We all have a name. In fact, we all have names. Some of us have two: first and last. Some have three: first, middle and last. Others may have four or five names. Whether it’s two, three, or more, each of the names within our name carries meaning and purpose. The ways our individual names are used in various combinations also has significance.
As a child I knew that when my mom used my first and middle names in combination, it was not an invitation to a friendly conversation and I needed to proceed with caution. On the rare occasion that she used all three of my names, things were about to go nuclear and I needed to “duck and cover.” Names carry clues about our family story and suggest connections and relationships. Names point to our roots and our heritage. Names identify us. We’re usually known by our first and last names but commonly referred to by just our first name.
Last names identify us with our family of origin, but in reality extend further. They tie us to a larger group or category who also share the same last name but don’t necessarily have a direct familial connection.
Middle names often give clues to an obvious, or sometimes obscure, familial connection. My wife’s middle name is Audrey and those familiar with her family of origin quickly connect that name to her maternal grandmother. One of our grandsons carries the middle name of his great- great-grandfather. This clue, although obscure to the casual observer, points to a familial connection in a more refined way than just his last name. In both cases those middle names point to a connection to a certain tribe within a larger group.
First names are more personal and may be completely unique to the individual within the family. I am the only person named Mark within our tribe, but it’s doubtful that I am the only Mark Cork within the larger Cork grouping. I assume your personal experience is similar.
Northwest Nazarene University, like many people, also has three names. However, unlike people who are typically referred to by their first name or perhaps first and last, we use all three of our names. Or, in the tradition of academia, our three initials: NNU. Each of the three is essential to who we are and each tells part of our story.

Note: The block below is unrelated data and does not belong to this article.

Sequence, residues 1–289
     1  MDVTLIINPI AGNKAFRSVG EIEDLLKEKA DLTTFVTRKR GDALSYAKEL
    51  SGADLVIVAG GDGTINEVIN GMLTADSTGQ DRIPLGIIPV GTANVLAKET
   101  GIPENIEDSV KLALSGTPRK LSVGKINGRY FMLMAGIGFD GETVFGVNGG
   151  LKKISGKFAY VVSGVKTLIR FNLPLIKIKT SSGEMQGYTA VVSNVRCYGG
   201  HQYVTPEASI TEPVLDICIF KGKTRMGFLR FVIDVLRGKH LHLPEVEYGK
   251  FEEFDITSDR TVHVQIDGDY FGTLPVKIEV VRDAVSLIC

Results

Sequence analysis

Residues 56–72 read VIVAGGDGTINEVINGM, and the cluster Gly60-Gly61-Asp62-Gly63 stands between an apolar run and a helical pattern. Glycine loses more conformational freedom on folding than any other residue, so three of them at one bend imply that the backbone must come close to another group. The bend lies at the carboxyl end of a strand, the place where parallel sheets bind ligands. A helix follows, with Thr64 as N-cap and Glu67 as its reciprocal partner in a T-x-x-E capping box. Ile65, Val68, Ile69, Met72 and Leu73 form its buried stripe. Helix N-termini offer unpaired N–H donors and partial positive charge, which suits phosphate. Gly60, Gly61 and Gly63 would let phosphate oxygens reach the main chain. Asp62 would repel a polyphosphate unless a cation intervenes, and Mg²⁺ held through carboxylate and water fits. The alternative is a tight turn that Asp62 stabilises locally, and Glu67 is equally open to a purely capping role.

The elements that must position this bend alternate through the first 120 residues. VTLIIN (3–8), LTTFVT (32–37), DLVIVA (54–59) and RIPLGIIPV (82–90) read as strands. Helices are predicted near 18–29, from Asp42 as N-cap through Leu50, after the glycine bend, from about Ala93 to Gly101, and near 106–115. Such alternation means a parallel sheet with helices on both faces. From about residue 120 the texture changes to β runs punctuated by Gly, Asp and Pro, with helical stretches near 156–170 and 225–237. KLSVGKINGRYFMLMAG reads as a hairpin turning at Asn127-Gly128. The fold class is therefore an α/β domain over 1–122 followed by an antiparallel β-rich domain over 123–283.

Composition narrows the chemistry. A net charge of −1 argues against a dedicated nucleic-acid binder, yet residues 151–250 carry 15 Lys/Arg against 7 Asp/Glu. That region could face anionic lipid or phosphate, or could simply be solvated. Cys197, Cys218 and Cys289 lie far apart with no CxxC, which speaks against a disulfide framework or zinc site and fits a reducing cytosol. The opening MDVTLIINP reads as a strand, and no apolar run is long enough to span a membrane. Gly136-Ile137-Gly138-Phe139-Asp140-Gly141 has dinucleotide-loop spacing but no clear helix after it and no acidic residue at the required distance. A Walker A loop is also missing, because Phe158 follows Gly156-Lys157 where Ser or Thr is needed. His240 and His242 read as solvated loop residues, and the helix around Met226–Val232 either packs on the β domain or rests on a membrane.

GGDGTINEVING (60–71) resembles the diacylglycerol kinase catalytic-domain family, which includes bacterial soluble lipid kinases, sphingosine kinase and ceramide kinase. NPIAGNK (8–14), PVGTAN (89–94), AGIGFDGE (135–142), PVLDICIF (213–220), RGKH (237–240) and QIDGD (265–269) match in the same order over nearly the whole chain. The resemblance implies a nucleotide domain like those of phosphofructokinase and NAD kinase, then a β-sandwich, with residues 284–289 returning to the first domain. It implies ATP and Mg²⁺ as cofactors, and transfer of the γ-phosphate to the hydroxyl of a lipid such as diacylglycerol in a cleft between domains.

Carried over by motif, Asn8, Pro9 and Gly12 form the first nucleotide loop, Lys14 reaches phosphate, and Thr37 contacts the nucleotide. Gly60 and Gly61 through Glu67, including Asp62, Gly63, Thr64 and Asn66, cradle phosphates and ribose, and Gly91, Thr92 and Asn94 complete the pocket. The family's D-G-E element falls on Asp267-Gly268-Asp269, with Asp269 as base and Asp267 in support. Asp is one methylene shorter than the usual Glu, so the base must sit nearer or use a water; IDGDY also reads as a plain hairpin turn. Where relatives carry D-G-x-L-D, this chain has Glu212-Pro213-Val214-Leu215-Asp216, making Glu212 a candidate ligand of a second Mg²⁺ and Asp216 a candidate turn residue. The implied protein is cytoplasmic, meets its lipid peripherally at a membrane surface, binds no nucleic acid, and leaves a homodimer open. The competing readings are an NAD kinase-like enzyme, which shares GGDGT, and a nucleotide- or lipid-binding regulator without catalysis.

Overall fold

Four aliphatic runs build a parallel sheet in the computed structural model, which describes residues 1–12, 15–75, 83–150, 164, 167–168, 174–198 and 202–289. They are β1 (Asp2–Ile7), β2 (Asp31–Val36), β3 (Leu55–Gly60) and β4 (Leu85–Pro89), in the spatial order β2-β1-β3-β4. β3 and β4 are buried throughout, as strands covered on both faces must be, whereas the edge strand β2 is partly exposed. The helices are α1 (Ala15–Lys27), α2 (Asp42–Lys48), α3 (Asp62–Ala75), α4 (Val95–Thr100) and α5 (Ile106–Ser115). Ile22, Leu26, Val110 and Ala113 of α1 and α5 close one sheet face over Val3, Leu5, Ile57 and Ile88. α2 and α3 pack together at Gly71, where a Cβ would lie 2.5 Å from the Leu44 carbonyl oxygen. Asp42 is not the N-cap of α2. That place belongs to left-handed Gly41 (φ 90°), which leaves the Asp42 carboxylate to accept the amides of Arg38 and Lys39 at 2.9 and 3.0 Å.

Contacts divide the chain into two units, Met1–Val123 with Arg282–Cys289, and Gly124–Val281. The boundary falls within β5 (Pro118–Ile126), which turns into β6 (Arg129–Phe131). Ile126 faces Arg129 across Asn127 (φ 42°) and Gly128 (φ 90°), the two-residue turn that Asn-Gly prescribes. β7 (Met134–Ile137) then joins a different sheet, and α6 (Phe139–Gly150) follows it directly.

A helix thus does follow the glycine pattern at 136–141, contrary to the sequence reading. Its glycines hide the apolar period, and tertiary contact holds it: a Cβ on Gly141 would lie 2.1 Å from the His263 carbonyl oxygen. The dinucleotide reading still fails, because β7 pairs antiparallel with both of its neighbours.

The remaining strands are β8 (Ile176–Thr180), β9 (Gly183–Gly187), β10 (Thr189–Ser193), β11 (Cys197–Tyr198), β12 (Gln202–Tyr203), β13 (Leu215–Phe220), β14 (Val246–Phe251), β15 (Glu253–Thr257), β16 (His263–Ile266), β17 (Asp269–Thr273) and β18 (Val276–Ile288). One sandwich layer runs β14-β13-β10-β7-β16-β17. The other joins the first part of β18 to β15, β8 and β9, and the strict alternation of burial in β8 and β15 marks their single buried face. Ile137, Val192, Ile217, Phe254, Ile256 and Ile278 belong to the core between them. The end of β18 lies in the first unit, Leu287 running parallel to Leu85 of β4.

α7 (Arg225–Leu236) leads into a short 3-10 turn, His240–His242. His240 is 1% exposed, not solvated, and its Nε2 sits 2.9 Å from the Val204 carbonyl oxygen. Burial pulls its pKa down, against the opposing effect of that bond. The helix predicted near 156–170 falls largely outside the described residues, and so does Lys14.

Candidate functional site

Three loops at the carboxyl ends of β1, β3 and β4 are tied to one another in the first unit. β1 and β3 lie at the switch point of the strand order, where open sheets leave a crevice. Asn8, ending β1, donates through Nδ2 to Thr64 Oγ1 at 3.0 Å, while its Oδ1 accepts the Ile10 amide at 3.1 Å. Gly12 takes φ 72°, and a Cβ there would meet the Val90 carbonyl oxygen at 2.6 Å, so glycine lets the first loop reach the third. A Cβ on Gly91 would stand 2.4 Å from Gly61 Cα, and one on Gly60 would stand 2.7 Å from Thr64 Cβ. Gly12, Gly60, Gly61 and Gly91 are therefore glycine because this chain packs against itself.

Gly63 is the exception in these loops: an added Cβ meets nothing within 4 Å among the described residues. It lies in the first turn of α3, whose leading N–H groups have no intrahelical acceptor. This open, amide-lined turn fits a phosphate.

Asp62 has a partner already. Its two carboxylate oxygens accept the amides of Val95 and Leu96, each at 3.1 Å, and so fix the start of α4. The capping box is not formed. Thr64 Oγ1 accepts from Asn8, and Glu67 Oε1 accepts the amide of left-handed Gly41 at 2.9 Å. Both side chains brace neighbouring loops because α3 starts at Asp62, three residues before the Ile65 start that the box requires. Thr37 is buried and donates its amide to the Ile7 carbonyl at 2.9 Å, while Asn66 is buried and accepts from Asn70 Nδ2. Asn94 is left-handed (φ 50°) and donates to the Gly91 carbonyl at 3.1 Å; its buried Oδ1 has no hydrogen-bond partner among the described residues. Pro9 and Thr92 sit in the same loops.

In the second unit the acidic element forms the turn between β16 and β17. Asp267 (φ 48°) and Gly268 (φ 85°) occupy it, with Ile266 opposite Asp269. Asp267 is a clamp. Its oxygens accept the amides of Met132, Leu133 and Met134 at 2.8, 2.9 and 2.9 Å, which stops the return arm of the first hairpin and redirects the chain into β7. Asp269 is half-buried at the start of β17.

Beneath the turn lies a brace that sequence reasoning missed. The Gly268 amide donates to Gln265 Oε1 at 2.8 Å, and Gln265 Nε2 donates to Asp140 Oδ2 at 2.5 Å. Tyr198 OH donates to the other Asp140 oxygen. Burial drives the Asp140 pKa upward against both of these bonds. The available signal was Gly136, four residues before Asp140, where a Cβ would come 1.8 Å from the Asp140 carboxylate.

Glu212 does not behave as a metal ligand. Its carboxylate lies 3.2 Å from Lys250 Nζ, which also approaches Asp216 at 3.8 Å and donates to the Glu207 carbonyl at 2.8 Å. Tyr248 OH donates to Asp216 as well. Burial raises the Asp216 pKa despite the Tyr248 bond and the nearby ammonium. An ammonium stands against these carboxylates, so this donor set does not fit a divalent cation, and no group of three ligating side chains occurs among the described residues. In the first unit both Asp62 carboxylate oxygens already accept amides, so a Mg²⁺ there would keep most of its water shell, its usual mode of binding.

Our last name, University, identifies what we are first and foremost by associating us with the group or category we’re part of. By using the categorical term “university,” people have a high level understanding of what we are. The group we’re a part of. We are a university and as such we share commonalities with other institutions of higher education. But, university by itself is insufficient as an identifier.
Our first name, Northwest, is narrower and more personal and provides people with an understanding of our location within the larger context. In our case the Northwest region of the United States. While it’s more personal it’s too common to stand on its own as an identifier. It connects us to a region but not much more.
Our middle name, Nazarene, begins to zero in on our identity by connecting us to both the Christian tribe, and the more specific Nazarene tribe. This is an important identifier declaring that NNU is centered in Jesus Christ. It’s true that just because Nazarene is our middle name doesn’t mean it has to be everyone’s middle name. However, we believe it’s significant that the center of our focus and our “tribal connections” are represented in our middle name.
Northwest Nazarene University: Centered in Jesus Christ.
Mark B Cork, AVP Marketing & Communications